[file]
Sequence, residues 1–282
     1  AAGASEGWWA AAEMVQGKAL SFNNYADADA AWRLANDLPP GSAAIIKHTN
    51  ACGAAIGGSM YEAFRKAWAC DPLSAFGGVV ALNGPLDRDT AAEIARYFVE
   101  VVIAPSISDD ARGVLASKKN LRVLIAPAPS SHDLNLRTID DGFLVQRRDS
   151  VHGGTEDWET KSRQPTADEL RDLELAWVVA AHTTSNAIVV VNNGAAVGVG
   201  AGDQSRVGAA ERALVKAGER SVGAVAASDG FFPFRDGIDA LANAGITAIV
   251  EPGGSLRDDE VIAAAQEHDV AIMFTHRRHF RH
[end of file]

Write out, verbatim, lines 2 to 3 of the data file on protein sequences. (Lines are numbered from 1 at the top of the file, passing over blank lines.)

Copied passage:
     1  AAGASEGWWA AAEMVQGKAL SFNNYADADA AWRLANDLPP GSAAIIKHTN
    51  ACGAAIGGSM YEAFRKAWAC DPLSAFGGVV ALNGPLDRDT AAEIARYFVE